By Dabney Carr
In a recent ruling, Judge Lee of the Eastern District of Virginia held that an injunction after a finding of patent infringement should not require the defendant to submit its design-around products to the patentee for inspection and testing before introducing those products into the market. MeadWestvaco Corp. v. Rexam PLC, Case No. 1:10CV511, 2012 U.S. Dist. LEXIS 82148 (E.D.Va. June 12, 2012), found here. Our previous posts on the MeadWestvaco case can be found here, here and here.
The successful patentee, MeadWestvaco, proposed a permanent injunction requiring that before introducing a design-around product, the defendants (1) provide the product to MeadWestvaco for inspection and testing, (2) provide an explanation for the basis for non-infringement, and (3) if MeadWestvaco does not agree that the design-around avoids infringement, defendants can seek relief from the Court.
Judge Lee refused to include such pre-approval in the injunction order. Such broad injunctive relief, the Court held, should only be used in exceptional cases. In the cases cited by MeadWestvaco, the defendants repeatedly violated an existing injunction order, justifying the exceptional relief, but no such circumstances existed in this case.
MeadWestvaco's proposed pre-approval language also seems to improperly shift the burden to a defendant to prove that a design-around product should be enjoined. As the Court pointed out, "the only acts an injunction may prohibit are infringement of the patent by the adjudicated devices and infringement by devices not more than colorably different from the adjudicated devices." MeadWestvaco, slip op. at 4 (quoting Int'l Rectifier Corp. v. IXYS Corp., 383 F.3d 1312, 1316 (Fed. Cir. 2004) [enhanced version available to lexis.com subscribers]). In addition, a competitor's design-around efforts "generally promote innovation, a goal consistent with the policies of our patent system." Id. at 6.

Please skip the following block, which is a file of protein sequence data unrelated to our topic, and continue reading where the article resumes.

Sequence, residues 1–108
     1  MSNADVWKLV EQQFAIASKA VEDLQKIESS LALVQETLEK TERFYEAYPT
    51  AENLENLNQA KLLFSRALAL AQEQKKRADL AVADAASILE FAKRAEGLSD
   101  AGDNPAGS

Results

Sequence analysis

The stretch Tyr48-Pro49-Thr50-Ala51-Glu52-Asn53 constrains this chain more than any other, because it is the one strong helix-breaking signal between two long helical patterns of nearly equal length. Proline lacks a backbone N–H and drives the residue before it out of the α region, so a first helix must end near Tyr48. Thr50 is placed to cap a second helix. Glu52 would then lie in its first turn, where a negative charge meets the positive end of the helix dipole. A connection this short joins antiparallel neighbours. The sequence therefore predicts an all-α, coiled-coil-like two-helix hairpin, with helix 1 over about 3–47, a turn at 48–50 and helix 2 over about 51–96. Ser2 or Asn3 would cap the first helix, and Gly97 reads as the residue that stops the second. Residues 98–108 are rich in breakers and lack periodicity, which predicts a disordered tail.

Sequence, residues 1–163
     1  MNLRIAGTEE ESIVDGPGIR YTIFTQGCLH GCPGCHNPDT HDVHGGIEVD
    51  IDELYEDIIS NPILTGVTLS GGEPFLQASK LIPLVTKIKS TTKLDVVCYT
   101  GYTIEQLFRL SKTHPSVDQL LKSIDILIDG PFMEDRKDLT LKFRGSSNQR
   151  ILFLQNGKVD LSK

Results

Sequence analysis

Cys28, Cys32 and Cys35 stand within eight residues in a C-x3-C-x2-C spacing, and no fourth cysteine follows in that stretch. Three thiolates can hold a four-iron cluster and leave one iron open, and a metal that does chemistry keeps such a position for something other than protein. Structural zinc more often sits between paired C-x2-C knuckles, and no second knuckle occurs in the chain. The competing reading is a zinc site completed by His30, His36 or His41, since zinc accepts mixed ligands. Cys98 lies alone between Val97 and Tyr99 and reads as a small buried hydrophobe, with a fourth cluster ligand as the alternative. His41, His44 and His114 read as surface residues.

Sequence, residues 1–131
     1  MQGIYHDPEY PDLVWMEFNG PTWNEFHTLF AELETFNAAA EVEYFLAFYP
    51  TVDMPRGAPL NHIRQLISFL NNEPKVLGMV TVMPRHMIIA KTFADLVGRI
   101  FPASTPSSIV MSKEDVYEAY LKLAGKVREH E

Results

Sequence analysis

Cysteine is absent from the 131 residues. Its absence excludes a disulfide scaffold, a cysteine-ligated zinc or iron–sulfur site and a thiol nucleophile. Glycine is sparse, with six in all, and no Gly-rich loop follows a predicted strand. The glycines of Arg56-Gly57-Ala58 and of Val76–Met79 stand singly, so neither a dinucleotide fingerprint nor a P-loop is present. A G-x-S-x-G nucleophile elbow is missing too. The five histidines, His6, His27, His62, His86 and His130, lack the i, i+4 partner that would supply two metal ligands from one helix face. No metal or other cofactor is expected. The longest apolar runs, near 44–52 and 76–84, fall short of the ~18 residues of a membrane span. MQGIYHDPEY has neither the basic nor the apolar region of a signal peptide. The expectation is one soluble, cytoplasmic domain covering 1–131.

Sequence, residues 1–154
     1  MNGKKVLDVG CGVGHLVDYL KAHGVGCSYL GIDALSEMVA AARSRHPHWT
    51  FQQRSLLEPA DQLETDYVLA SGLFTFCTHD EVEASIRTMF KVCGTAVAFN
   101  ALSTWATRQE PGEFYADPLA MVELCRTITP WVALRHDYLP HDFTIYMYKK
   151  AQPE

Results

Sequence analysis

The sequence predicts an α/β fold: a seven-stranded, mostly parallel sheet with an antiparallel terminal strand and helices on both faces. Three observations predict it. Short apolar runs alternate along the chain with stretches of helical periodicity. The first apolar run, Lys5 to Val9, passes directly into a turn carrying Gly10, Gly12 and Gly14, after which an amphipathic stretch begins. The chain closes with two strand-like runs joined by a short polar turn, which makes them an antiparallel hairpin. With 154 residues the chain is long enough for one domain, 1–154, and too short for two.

Under the standards for determining contempt of an injunction recently set down by the Federal Circuit in TiVo v. Echostar, 646 F.3d 889, 882-83 (Fed. Cir. 2011) [enhanced version available to lexis.com subscribers] a patentee must show, by clear and convincing evidence, both (1) that a design-around product is not more than colorably different from a product found to infringe and (2) that the design-around product actually infringes the patent. MeadWestvaco's proposed language is thus directly contrary to TiVo because it relieves MeadWestvaco of the burden of showing the lack of colorable differences in a design-around product and shifts the burden of proof of infringement to the defendants.
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